Meeting report

Heart of Europe bio-Crystallography

Zagan, Poland, September 2011
www.staff.amu.edu.pl/~andrzejz/hec14/

[HEC14 logo]
[Attendees] Participants of the HEC-14 Meeting (photo Milosz Ruszkowski).

Protein crystallographers from Poland, Czech Republic, Germany and Austria gathered for the 14th Heart of Europe bio-Crystallography Meeting (HEC-14) in late September 2011. The meeting venue was chosen by Mariusz Jaskolski and his co-organizers from the Polish Academy of Science and the Polish Synchrotron Radiation Society, since Johannes Kepler, the famous astronomer (1571-1630), spent the last years of his life in Zagan (Sagan). In his opening remarks, Mariusz pointed out that Johannes Kepler’s book: 'De Nive Sexangula' ('On the Six-Cornered Snowflake'), published 400 years ago in 1611, foresaw concepts of modern crystallography. As a tribute to this accomplishment, and also in anticipation of the 100th anniversary of the Laue experiment, the venue was perfect for a crystallographic meeting. The meeting provided a platform for both students and experienced researchers to share recent results on a wide range of bio-crystallographic studies. At the heart of the gathering were 32 short scientific talks given by either PhD students or young postdoctoral researchers. With only slightly more than 100 participants, HEC-14 succeeded in maintaining a family atmosphere and preserving the original HEC founding idea, namely to provide ample room for experienced and less experienced students to discuss ideas and solutions to individual crystallographic problems and questions. The official HEC lecture was delivered by Zygmunt Derewenda (U. of Virginia, USA). Zygmunt pioneered the method of entropy reduction, which greatly improves the success rate for the crystallization of difficult proteins. His achievements became obvious as the meeting progressed, since quite a few speakers had used this method in their studies. The HEC prize for the best talk, which was a collection of several crystallography books generously provided by the IUCr, was awarded to Christoph Parthier (U. of Halle). Christoph showed that with protein crystallography, quite unexpected and detailed insights can be gained into the mechanism of enzymes without having to await the results from extensive enzymatic studies. The success and continuity of the HEC meetings would not be possible without the enthusiasm of all the participants and, of course, the commitment and dedication of the organizers. I therefore want to extend my thanks to Mariusz Jaskolski and his coworkers on behalf of all the attendees for this very enjoyable and highly successful meeting. We are also always grateful for the support from companies that make this annual meeting affordable and the European Crystallographic Assn (ECA) that sponsored nine one-year ECA memberships and bursaries for attendance of young crystallographers. We may not be sure where the HEC meetings will be heading over the next 400 years, but there is certainly more road ahead for the bio-crystallography community in the heart of Europe.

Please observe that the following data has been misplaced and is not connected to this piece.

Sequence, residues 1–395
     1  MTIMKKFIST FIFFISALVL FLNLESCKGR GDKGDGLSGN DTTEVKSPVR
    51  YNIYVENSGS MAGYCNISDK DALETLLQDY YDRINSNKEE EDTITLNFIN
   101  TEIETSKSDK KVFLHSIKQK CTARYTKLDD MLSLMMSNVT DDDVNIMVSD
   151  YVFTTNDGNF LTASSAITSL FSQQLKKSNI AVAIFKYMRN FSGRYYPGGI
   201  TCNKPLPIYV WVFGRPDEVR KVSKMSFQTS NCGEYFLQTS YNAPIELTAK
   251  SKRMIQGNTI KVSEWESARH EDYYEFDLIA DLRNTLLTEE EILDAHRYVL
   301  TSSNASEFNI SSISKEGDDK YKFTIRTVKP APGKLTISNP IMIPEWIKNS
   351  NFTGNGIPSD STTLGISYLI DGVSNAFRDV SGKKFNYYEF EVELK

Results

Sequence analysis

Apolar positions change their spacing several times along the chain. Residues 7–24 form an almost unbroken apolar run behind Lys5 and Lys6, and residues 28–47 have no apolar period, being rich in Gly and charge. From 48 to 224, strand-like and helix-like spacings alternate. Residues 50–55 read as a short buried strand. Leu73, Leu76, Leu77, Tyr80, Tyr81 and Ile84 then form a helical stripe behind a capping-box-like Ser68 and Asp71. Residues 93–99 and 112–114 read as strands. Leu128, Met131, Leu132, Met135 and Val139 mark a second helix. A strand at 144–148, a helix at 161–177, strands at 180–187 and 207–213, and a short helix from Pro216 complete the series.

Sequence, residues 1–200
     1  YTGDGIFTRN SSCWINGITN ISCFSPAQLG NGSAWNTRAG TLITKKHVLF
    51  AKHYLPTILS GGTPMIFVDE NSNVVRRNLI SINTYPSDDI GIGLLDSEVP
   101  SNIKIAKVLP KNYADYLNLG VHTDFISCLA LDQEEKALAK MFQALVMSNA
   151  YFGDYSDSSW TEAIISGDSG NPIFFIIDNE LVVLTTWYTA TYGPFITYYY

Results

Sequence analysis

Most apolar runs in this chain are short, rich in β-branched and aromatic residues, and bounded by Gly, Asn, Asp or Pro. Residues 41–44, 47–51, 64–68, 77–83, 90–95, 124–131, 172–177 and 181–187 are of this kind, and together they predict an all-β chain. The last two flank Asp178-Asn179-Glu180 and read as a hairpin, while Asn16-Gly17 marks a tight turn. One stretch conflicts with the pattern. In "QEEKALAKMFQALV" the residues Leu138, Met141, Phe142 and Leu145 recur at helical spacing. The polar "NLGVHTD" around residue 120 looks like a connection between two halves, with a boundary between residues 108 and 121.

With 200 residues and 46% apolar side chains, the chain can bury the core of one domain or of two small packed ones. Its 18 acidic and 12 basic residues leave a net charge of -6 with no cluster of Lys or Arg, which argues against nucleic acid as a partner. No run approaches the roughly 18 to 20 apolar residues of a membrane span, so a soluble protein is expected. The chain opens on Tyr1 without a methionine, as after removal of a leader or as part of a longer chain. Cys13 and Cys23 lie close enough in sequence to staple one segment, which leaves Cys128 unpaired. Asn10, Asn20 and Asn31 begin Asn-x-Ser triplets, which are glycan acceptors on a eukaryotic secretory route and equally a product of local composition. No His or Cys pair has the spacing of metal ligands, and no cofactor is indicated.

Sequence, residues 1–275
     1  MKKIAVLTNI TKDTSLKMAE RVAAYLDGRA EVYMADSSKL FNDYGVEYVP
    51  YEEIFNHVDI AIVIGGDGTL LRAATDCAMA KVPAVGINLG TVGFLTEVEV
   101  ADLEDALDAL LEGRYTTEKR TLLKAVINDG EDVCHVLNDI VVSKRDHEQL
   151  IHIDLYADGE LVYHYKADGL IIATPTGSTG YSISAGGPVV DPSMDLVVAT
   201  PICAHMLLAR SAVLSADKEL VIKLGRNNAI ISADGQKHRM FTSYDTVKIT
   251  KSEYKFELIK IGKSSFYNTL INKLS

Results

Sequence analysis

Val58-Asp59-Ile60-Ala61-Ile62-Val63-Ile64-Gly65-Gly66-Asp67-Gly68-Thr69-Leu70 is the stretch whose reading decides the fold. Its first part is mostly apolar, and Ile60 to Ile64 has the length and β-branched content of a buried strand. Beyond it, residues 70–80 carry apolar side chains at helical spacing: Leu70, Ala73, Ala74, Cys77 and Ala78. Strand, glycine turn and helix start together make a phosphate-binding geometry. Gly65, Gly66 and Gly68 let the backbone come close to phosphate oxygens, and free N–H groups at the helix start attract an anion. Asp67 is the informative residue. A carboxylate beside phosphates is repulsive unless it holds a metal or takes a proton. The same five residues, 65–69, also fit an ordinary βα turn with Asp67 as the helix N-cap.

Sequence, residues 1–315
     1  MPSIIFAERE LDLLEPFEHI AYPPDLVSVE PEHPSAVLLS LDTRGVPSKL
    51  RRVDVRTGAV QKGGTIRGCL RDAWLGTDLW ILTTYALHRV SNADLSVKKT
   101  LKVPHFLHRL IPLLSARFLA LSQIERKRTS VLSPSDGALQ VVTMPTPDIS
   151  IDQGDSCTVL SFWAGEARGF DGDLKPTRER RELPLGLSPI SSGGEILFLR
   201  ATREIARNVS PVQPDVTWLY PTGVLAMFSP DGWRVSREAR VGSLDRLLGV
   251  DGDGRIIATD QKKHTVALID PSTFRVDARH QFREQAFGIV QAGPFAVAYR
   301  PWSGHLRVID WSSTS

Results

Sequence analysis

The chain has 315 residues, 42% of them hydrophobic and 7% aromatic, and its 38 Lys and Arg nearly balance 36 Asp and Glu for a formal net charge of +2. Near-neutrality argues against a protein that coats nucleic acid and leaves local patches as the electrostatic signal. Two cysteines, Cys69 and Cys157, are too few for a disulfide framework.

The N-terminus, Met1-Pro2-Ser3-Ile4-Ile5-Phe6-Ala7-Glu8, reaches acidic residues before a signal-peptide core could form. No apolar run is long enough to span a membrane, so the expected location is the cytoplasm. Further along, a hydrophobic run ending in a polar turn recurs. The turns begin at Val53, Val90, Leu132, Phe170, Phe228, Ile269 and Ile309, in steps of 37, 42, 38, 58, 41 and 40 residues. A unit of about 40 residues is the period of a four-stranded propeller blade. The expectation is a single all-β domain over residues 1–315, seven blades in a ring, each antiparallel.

Yves Muller